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Fraser
2005-May-12, 06:30 PM
SUMMARY: Take a good look at Saturn's moon Iapetus and it has a few striking features that set it apart from every other object in the solar system. For one thing, it seems to have two faces: one white, like freshly fallen snow, and the other dark like volcanic rock. But even stranger, Iapetus has a seam. Right at the equator, and going halfway around the planet, it's probably 20 km (12 miles) high - as if the moon was cut in half and then smashed back together. Planetary geologists have assumed this seam is volcanic in origin, but Paulo C.C. Freire of the Arecibo Observatory has another suggestion. In the distant past, Iapetus gobbled up one of Saturn's rings.

View full article (http://www.universetoday.com/am/publish/iapetus_consume_saturn_ring.html)

What do you think about this story? Post your comments below.

antoniseb
2005-May-12, 06:44 PM
It is an interesting idea, I find it very hard to picture how Iapetus' orbit could have been changed enough to make all this happen, but there is NO question that Iapetus has had an unusual past.

John L
2005-May-12, 06:50 PM
I like it!

TuTone
2005-May-12, 08:32 PM
That's one amazing moon!

lswinford
2005-May-12, 08:59 PM
I was just eating a nice, healthy apple, secretly wishing that I had a big, hot mess of deep-fried and battered onion rings. Then I spot an article about a moon eating a ring. In this case it seems more like a nice hot donut hole dipped in powdered-sugar or icing, which ironically, some have elsewhere described some of Saturn's rings in terms of ice or powder.

Don't mind me, I'm just hungry.

Greg
2005-May-12, 09:59 PM
Very nice. Simple, yet elegant explanation. I can't think of any holes in it.

qraal
2005-May-12, 10:39 PM
Very nice. Simple, yet elegant explanation. I can't think of any holes in it.

Aside from the obvious difficulty of sending Iapetus plowing into a Ring without it actually whacking into any other moon on the way.

I still think it's a disused maglev ramp built by ETIs aeons ago. Can't wait for the next Cassini close-up.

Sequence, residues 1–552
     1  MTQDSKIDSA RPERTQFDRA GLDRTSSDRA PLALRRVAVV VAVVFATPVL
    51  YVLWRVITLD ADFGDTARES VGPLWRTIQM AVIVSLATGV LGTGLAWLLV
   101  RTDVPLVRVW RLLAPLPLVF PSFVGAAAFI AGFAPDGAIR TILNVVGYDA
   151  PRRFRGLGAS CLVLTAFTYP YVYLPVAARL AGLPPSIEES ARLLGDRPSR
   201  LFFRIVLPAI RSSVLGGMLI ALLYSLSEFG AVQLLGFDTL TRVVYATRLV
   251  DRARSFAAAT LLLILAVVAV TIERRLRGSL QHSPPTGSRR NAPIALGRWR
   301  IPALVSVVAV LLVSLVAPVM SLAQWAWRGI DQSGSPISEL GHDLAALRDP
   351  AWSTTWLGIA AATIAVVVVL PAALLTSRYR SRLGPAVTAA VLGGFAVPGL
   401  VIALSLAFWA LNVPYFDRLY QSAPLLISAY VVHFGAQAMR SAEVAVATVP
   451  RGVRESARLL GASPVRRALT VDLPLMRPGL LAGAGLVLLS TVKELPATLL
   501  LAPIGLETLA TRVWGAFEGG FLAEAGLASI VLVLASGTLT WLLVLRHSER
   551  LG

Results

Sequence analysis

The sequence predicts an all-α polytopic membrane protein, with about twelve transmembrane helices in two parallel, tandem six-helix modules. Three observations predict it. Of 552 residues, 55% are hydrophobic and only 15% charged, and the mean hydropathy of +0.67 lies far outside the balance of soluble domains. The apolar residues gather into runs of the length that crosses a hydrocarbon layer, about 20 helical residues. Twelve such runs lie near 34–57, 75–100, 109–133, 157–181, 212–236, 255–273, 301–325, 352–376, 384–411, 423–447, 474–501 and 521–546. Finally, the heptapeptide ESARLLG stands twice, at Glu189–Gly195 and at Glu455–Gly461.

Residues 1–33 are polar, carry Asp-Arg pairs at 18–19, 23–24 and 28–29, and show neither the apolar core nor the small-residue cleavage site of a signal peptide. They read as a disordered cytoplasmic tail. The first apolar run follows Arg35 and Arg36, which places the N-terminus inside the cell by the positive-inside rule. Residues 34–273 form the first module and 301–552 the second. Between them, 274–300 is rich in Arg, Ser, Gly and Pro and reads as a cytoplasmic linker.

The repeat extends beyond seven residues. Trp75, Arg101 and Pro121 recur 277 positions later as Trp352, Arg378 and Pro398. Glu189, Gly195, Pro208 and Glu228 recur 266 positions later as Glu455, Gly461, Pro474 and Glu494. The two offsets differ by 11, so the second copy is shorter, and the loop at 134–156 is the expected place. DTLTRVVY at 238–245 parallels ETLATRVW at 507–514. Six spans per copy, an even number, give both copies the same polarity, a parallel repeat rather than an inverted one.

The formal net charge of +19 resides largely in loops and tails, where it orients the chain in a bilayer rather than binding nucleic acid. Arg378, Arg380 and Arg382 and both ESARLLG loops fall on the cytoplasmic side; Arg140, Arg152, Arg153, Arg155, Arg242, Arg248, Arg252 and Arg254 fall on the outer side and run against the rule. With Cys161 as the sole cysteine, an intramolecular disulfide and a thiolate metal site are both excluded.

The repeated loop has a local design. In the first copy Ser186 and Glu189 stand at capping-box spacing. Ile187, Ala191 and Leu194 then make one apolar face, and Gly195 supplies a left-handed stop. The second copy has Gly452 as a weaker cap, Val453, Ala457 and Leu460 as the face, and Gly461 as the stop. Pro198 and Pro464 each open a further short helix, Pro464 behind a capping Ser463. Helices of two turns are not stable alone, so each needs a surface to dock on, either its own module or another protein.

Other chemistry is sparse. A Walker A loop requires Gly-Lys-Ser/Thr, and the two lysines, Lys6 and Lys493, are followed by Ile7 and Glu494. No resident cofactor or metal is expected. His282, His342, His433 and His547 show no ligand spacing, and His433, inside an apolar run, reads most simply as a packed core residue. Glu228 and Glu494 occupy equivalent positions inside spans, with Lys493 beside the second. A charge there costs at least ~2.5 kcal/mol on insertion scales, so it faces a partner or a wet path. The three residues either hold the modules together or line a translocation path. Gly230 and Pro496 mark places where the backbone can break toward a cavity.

qraal

goddardrocketry
2005-May-13, 12:17 AM
Must've been a lot of collisions with how much material is in space there. Is that moon large enough that it could have had its own ring that collided with the surface?

imported_alan
2005-May-13, 03:55 AM
First, how likely is it that a moon would have an encounter that puts it in eccentric orbit that just happens to have no inclination and a closest approach at the outer edge of a ring. Second wouldn't the impacts create a trench rather than a ridge?

Fraser
2005-May-13, 03:58 AM
From what I can tell, Cassini isn't scheduled for another flyby until September 2007, but it's going to be really close, only 1227 km.

Here's a list of Cassini flybys.
http://saturn.jpl.nasa.gov/operations/satu...tes-showAll.cfm (http://saturn.jpl.nasa.gov/operations/saturn-tour-dates-showAll.cfm)

Svemir
2005-May-13, 05:10 AM
This story is an old news, allready commented here at:
http://www.universetoday.com/forum/index.p...?showtopic=6009 (http://www.universetoday.com/forum/index.php?showtopic=6009)

Fraser
2005-May-13, 07:42 AM
Well, that was announcing this seam, this is just providing one explanation.

Svemir
2005-May-13, 07:54 AM
I meant this link
http://www.arxiv.org/PS_cache/astro-ph/pdf...504/0504653.pdf (http://www.arxiv.org/PS_cache/astro-ph/pdf/0504/0504653.pdf)
is provided in previous topic.

Eric Vaxxine
2005-May-13, 08:50 AM
This is interesting about Iapetus

http://www.enterprisemission.com/moon3.htm

aeolus
2005-May-13, 12:49 PM
I think this is a neat theory. I'm no planetary geologist, so of couse this guy sounds pretty convincing, and I can't really argue, but it certainly beats out the tectonic/volcanic theory in my mind. (The rindge) seems too perfect for that.

That article made me smile; I enjoyed reading it. I like the part that critiques the complex, dangerous orbit pattern that "must not be allowed to continue"( just so we can get close to the moon and see if it is infact an ancient spaceship).

I personally think that's the coolest part of the Cassini mission: the complex orbit that allows it to flyby so many different bodies in one mission.

isferno
2005-May-13, 01:14 PM
Originally posted by antoniseb@May 12 2005, 08:44 PM
It is an interesting idea, I find it very hard to picture how Iapetus' orbit could have been changed enough to make all this happen, but there is NO question that Iapetus has had an unusual past.
You can say that again Antoni.

Distance between Iapetus and Outer Rings averages 10 Earth-Moon distances.


End of Outer most Ring (E) 480000 Km
V Rhea 527100 Km
VI Titan 1221900 Km
VII Hyperion 1464100 Km
VIII Iapetus 3560800 Km

antoniseb
2005-May-13, 03:39 PM
Two things:

First, I noticed that New Scientist has now done their own article on this topic, which, I guess means this is an interesting story.

Second, it is possible, I suppose, that SOEM kind of history similar to the one described here happened... Supposing, for example, that there was a temporary ring formed because of a collision between proto-Iapetus and some large proto-KBO (like pheobe), and that this ring formed in the plane of Iapetus' orbit, and eventually came down largely on the Iapetus equator.